May 20, 2004
Microsoft may be getting fat on other companies' software spending, but its own IT budget is notably lean. When revenue jumped 17%, to $9.18 billion, in Microsoft's most recent fiscal quarter, CFO John Connors explained in a statement that "overall corporate IT spending continued to improve." But "improve" is a subjective term, and when it comes to Microsoft's own IT budget, an improvement is considered spending less, not more. The vendor is in the second year of a three-year effort to cut $100 million from its IT expenses. "Our goal is to bring total spending down every year," Microsoft's new CIO, Ron Markezich, said in an interview earlier this month when his promotion was announced.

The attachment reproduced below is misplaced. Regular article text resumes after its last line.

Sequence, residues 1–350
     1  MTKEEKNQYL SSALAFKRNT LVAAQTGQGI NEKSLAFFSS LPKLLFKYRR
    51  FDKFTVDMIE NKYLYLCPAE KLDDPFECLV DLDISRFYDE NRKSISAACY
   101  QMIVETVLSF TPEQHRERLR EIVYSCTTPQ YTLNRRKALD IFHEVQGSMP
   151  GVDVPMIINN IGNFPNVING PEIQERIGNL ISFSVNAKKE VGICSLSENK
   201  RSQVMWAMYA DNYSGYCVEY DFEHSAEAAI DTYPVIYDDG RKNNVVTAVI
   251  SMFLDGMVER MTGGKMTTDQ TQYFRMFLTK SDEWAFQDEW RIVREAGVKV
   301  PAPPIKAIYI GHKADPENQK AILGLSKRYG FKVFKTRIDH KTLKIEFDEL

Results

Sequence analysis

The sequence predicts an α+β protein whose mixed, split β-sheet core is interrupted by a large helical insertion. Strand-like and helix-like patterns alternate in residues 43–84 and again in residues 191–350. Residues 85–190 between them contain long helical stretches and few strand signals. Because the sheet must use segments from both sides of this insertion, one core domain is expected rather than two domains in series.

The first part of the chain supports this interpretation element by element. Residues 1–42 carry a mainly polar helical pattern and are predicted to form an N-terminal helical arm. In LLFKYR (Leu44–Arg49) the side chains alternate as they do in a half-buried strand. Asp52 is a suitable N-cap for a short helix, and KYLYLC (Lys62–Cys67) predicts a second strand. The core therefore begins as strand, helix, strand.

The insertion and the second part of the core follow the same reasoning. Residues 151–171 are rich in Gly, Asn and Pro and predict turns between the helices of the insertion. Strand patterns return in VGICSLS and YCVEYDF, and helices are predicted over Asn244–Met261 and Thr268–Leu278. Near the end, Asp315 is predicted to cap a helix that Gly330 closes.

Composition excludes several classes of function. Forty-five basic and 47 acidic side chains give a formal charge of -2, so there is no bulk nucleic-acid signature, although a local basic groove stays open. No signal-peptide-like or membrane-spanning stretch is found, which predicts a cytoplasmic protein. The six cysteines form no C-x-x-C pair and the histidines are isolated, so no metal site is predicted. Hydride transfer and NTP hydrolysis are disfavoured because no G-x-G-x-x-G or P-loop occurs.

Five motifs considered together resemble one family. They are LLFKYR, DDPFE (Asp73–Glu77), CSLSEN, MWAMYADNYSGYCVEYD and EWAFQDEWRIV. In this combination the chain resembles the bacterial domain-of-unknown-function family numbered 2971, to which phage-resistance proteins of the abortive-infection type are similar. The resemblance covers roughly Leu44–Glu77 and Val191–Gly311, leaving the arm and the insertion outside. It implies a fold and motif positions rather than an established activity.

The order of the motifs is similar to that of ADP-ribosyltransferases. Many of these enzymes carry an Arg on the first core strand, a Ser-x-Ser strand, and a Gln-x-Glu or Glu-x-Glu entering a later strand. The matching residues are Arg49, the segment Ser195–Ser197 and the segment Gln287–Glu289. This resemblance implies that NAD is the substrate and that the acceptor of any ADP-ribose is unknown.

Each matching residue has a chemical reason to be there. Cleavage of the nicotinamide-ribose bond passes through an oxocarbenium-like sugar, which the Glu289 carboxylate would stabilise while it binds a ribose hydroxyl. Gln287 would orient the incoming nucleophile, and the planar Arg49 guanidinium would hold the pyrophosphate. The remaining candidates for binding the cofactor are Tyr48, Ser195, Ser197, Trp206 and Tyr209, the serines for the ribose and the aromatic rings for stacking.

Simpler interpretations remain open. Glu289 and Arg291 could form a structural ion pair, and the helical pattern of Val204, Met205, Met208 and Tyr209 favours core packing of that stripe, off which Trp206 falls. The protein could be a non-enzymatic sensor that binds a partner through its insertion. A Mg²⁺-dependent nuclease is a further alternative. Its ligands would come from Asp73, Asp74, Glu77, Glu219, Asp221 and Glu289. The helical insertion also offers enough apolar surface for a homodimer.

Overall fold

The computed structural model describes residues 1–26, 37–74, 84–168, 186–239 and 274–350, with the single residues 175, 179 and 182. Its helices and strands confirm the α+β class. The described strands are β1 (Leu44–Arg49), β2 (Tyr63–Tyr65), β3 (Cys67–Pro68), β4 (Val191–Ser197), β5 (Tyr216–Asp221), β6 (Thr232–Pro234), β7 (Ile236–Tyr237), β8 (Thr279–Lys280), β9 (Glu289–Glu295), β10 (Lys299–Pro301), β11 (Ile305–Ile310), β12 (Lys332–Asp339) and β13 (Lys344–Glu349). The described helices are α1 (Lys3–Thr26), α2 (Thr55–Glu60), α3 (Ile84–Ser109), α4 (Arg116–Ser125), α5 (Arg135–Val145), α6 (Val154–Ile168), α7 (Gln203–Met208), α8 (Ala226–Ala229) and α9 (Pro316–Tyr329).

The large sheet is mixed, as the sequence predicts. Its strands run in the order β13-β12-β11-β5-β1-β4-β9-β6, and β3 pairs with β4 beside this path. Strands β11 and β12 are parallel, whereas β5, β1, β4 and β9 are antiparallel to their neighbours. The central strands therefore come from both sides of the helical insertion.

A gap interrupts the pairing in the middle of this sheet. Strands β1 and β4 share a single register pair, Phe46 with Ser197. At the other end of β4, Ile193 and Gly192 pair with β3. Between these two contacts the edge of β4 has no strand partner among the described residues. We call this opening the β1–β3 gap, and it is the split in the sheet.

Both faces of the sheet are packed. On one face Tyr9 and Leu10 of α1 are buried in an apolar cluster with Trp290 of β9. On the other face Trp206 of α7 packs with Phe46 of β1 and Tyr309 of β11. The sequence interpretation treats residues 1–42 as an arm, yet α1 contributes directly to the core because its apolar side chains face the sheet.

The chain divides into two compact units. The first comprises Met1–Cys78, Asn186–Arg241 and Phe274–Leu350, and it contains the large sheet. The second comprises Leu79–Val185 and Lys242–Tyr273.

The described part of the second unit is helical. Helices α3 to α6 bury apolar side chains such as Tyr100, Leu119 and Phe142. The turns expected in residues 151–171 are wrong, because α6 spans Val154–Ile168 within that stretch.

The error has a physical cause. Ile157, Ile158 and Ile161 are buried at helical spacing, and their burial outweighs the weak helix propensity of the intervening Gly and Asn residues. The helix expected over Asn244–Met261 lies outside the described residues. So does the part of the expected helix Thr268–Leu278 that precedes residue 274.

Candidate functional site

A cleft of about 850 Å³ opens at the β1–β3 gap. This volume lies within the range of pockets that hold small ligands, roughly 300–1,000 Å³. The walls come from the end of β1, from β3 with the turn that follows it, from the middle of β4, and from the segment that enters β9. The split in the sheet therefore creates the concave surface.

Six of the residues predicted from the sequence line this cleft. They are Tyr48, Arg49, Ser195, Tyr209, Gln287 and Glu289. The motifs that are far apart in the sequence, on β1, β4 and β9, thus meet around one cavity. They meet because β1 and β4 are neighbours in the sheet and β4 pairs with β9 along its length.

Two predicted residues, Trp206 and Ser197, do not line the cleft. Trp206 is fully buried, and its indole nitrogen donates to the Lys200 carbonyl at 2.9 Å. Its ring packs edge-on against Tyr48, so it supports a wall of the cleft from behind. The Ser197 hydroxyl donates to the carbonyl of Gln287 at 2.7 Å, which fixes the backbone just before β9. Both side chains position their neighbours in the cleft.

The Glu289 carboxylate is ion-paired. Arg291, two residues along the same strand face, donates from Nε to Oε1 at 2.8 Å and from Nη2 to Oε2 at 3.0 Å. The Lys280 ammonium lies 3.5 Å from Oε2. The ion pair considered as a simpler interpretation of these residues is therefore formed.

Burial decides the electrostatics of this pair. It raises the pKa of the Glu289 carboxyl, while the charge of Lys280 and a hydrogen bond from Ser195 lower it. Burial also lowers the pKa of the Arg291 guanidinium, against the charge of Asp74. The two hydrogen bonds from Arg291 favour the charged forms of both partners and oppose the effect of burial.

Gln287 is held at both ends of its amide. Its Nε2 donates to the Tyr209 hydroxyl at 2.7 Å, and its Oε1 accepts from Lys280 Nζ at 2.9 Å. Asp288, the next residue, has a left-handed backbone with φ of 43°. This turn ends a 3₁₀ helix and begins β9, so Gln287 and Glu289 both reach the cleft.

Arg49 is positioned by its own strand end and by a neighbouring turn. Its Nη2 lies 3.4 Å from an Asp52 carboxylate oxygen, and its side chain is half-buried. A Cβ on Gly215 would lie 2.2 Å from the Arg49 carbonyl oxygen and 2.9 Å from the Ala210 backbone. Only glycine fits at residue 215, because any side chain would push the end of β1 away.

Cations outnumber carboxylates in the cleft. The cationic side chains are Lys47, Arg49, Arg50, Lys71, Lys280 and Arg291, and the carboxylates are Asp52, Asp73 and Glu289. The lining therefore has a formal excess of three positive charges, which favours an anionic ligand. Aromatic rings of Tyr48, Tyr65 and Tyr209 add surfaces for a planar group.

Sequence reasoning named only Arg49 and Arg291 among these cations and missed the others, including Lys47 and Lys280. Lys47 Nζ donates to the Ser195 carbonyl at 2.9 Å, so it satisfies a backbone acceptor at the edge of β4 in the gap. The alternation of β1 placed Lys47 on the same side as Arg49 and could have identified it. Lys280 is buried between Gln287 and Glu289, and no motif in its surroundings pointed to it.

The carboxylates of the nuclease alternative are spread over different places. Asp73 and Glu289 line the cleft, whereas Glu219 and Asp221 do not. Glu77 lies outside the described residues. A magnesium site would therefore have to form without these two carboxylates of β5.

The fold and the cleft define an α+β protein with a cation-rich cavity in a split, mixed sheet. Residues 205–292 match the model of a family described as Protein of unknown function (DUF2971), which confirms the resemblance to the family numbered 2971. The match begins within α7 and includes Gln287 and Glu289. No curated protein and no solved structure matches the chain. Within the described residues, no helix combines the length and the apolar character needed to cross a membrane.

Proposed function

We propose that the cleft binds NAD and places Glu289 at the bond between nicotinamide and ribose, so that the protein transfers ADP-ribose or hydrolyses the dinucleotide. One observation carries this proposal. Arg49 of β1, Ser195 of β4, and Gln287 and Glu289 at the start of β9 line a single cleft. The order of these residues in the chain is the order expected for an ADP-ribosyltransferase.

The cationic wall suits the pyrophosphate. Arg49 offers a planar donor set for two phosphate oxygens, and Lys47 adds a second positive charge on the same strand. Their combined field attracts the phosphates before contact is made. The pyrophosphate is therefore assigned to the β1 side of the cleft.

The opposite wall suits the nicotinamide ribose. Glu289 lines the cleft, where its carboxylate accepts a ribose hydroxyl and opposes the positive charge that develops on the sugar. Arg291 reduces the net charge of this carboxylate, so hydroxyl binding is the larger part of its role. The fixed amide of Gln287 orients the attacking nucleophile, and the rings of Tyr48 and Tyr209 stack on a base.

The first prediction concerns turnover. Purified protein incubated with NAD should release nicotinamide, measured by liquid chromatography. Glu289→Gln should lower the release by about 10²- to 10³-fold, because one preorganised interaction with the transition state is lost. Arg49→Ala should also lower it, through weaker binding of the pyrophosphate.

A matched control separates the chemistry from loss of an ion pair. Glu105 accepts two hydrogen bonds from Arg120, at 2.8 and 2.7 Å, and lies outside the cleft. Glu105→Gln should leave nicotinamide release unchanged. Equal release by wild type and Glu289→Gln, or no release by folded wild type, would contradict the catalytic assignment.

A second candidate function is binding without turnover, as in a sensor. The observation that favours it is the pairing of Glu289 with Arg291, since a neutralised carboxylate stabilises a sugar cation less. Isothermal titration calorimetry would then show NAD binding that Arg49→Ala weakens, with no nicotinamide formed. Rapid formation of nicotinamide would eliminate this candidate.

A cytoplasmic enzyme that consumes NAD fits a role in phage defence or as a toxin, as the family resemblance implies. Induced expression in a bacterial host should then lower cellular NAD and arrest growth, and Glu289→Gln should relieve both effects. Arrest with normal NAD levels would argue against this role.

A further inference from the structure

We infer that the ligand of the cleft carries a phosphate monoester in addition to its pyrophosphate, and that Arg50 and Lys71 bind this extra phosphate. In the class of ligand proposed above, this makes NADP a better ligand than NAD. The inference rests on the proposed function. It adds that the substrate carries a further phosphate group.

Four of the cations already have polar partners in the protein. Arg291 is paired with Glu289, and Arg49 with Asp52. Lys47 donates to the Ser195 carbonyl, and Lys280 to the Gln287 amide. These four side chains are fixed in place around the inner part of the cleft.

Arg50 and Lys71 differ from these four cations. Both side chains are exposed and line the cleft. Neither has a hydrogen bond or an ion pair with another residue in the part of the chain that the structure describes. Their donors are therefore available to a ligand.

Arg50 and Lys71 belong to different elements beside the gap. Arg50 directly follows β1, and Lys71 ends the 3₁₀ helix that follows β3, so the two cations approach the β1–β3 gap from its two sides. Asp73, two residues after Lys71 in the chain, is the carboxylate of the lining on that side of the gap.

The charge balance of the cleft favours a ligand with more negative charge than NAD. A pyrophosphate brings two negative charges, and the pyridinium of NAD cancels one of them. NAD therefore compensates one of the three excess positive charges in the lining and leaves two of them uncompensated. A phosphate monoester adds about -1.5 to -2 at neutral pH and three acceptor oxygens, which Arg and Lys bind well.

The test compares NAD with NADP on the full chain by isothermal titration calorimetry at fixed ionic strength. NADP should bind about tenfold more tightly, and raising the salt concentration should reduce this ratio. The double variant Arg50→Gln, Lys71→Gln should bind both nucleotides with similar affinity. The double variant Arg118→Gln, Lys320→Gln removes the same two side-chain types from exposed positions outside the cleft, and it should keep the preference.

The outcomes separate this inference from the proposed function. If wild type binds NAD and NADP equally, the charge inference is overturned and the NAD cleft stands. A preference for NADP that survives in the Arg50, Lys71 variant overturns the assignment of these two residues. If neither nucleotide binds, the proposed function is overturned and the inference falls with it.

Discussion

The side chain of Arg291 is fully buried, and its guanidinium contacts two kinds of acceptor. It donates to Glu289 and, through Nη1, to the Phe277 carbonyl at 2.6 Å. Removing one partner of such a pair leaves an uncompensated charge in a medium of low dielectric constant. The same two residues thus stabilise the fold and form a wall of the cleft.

Microsoft will spend $750 million on its internal IT operations in fiscal 2004. That's less than 2% of estimated revenue for the year, which puts the company decidedly into the penny-pinchers camp. By comparison, other companies invest on average about 8.7% of annual revenue on IT, according to an InformationWeek Research survey of 333 business-technology professionals conducted in March. How does Microsoft's IT department get by on so little? For one thing, that budget doesn't reflect any internal charges that accrue for using the company's own products. And a company spokeswoman argues that measuring IT spend as a percentage of revenue isn't a good gauge, anyway. "The amount of revenue that a company makes may or may not be proportionate to the amount of infrastructure needed to support its operation," she responded via E-mail to an inquiry about it. That's a fair point, but Microsoft also could argue it's merely practicing what it preaches. One of the marketing themes around last year's launch of Windows Server 2003 was "do more with less." Indeed, Markezich says a major thrust of the company's IT strategy is to find efficiencies in what he calls "sustainer" systems--those that merely keep the business running--to free resources for forward-looking "builder" projects. Microsoft, for example, has consolidated the number of data centers running Exchange servers from 74 down to seven. In the process, availability of the company's E-mail system increased to 99.99% uptime, compared with 99.9% earlier. And employees now get 200 megabytes of E-mail storage, twice what was previously allotted. Markezich took over as CIO from Rick Devenuti, who was promoted last December to corporate VP of Microsoft's worldwide services organization. Prior to his promotion, Markezich was manager of global technology services, where he was responsible for the company's technology infrastructure. In all, about 3,900 IT staffers--1,700 employees and 2,200 contract workers and partners--help keep Microsoft's computer systems in good working order. As CIO, a major part of Markezich's job involves being an early adopter of Microsoft products. Already, he says, thousands of company PCs are running the next-generation Longhorn operating system, which has yet to go into public beta testing. "That's our top priority--being Microsoft's first and best customer," he says. Microsoft's IT infrastructure comprises 150,000 PCs and laptops and 7,000 data-center servers. With 55,000 employees around the world, that's a nearly 3-to-1 ratio of PCs to workers. Markezich explains it's not unusual for software developers to use two, three, or even four computers in their work. In all, some 300,000 computing systems and devices are part the company's IT fabric. Tablet PCs are the mobile computers of choice. In fact, they're the only choice--Microsoft no longer issues laptops to its employees. And virtually all of Microsoft's internal systems run the latest versions of Windows. "As a policy, we don't run competitive technology," Markezich says. The company is prolific, some would say notorious, in its use of E-mail, with employees generating 3 million intra-company messages each day, or more than 50 per person. As if that weren't enough, Microsoft workers log 20,000 hours of online meetings each week using the company's Live Meeting conferencing platform. The company's IT department manages 1,800 different applications, with 400 of those being global in scope. The largest database is a 1.5-terabyte SQL Server system underlying an SAP implementation used to run part the company's business. Top projects for Microsoft's IT department include consolidating data warehouses using some of the new business-intelligence capabilities built into SQL Server 2005, which is scheduled for release next year, and establishing a companywide software architecture that incorporates Web services. Microsoft's IT department is well aware of the hassle involved in patching the company's systems every time a Windows vulnerability is discovered. In the same way customers are forced to patch their systems, Microsoft's IT department deploys Windows updates as often as they're issued. Because of the testing involved, it can take up to 72 hours to roll out a patch across the company. Markezich says his organization doesn't get any head starts; Microsoft's IT department gets Windows fixes at the same time you do. The diligence to patching has paid off. The last time Microsoft's internal computer systems got nailed by a companywide virus was the Slammer attack in January 2003. Since then, Blaster, MyDoom, and Sasser have been non-events, at least internally. If Microsoft's own experience is a guide, it's possible to create a secure, full-featured, global Windows environment on a lower-than-average IT budget. That would suggest Markezich just stepped into one of the easiest of CIO jobs. Or one of the toughest. [This story first appeared on InformationWeek's Windows Weblog.]
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